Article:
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Subutex (sublingual tablets) is a brand-name medication that is generically known as buprenorphine.

 In 2002, the U.S. Food and Drug Administration (FDA) approved it for use in the treatment of opiate addiction. Opiates are drugs there are derived from the opium poppy plant. There are legal opiates that are used to help alleviate severe pain (e.g., hydrocodone, morphine, codeine, etc.) and illegal opiates (e.g., heroin). Opiates work by affecting certain neurotransmitters in one’s brain. In 2011, Reckitt Benckiser Pharmaceuticals Inc., the manufacturer of Subutex, chose to discontinue the drug in the United States after developing new formulations that were less likely to be abused. Generic forms of sublingual buprenorphine remain available in the United States. Buprenorphine is classified as a Schedule III controlled substance, which according to the United States Drug Enforcement Administration (DEA) are defined as “drugs, substances, or chemicals with a moderate to low potential for physical and psychological dependence.” Buprenorphine is usually used as the first defense and is the initial medication prescribed to individuals struggling with opiate abuse. 

How It Works

Buprenorphine is a partial opioid antagonist that binds with opioid receptors in the brain that causes reduced pain and feelings of wellbeing. As a partial opioid antagonist, buprenorphine binds to one’s opioid receptors in the brain. Although it is not a full opioid, it does act similarly to one, but it lacks the ability to cause an individual to experience feelings of euphoria when taken as directed. This medication can provide relief for opioid cravings, minimize withdrawal symptoms, and prevent overdose.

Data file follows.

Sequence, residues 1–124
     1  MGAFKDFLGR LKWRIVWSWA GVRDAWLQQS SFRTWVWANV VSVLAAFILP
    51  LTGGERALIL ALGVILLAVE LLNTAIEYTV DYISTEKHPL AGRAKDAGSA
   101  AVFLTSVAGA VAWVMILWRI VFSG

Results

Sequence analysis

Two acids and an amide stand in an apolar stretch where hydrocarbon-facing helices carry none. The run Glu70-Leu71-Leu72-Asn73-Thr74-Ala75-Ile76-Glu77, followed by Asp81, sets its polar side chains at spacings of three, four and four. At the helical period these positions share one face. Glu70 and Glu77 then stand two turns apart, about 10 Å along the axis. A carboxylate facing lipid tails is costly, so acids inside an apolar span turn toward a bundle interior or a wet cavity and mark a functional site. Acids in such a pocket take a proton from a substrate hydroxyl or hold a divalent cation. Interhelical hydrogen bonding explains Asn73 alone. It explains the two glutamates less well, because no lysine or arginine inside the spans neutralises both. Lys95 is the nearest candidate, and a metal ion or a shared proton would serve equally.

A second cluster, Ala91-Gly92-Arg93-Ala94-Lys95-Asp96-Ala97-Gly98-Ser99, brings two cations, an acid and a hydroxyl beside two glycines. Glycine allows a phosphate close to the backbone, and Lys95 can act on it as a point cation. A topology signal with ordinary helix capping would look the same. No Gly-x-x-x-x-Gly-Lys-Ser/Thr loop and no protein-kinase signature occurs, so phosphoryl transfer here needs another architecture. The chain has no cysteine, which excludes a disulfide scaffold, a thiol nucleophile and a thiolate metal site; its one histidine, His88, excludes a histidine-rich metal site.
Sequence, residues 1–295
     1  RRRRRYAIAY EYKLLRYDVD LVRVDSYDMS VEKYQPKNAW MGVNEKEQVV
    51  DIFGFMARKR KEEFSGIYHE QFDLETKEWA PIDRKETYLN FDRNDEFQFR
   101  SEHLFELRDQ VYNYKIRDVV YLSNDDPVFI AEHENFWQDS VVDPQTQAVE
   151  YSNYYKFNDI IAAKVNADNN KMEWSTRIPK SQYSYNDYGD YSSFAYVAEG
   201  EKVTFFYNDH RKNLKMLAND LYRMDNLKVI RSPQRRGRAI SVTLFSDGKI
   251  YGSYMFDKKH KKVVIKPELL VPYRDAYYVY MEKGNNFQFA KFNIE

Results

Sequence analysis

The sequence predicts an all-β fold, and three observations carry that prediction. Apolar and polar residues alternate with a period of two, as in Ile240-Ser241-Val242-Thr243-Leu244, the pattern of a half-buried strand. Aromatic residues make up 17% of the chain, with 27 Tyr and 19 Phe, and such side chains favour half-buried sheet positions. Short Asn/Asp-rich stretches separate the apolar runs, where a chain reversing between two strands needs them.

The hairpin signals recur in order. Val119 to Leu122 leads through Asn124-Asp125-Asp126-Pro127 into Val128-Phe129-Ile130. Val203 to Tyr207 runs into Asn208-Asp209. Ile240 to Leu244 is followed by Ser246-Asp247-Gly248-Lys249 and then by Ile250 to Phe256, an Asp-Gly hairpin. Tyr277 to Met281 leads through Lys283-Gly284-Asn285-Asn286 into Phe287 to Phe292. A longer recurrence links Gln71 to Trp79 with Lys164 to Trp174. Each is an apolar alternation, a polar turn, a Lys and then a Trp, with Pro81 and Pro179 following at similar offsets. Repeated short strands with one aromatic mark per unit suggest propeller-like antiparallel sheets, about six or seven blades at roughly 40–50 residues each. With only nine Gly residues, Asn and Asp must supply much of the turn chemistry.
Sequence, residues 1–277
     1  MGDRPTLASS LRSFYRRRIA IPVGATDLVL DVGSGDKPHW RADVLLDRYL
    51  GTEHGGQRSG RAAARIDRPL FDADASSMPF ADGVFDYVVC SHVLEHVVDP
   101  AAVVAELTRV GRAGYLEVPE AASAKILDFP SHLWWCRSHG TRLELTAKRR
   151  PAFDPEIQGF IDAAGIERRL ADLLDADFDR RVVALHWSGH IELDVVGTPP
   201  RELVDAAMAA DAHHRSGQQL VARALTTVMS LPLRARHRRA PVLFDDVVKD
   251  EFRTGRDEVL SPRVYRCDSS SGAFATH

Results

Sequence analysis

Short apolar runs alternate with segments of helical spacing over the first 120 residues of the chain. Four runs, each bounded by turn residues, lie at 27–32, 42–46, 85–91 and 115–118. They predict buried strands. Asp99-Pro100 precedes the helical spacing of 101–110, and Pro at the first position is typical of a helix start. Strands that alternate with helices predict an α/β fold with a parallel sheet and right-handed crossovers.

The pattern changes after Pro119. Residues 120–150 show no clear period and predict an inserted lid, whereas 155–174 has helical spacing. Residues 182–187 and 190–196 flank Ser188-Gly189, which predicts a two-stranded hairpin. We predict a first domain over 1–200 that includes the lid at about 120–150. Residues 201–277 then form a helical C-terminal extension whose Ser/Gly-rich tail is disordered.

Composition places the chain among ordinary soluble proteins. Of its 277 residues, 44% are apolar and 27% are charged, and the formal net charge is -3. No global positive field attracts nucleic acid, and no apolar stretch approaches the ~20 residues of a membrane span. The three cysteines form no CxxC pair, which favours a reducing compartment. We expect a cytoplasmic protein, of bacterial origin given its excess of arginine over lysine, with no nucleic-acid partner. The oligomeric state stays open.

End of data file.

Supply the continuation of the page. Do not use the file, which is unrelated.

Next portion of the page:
Finding A Subutex Doctor

Because Subutex has been discontinued, it will be impossible to find a Subutex doctor near you. Doctors that can prescribe buprenorphine, however, are everywhere. Other types of medical professionals are also able to prescribe buprenorphine. In 2016, the Comprehensive Addiction and Recovery Act (CARA) permitted nurse practitioners (NPs) and physician assistants (PAs) to obtain a waiver to prescribe buprenorphine to treat opioid use disorder. Furthermore, recent shifts in addiction medicine now allow nearly all doctors the ability to prescribe buprenorphine regardless of training. Prior to this change, most physicians were required to obtain a special waiver along with the completion of an eight-hour training to be approved to prescribe buprenorphine. 

Further Information and Support

Navigating the challenges that arise from living with mental illness, struggling with substance abuse, and/ or addiction can not only be all-consuming but are often impossible to effectively handle without proper support. If you are concerned for yourself or a loved one regarding mental illness, substance abuse, and/ or addiction we recommend reaching out for help as soon as possible. Bear in mind that you do not have to be on this journey alone. At {Upwell Advisors}, we offer unique, customized concierge therapeutic services to provide our clients with unparalleled support throughout every step of the recovery process. 

Feel free to reach to contact us anytime via email at sean@upwelladvisors.com. We look forward to supporting you on your journey.

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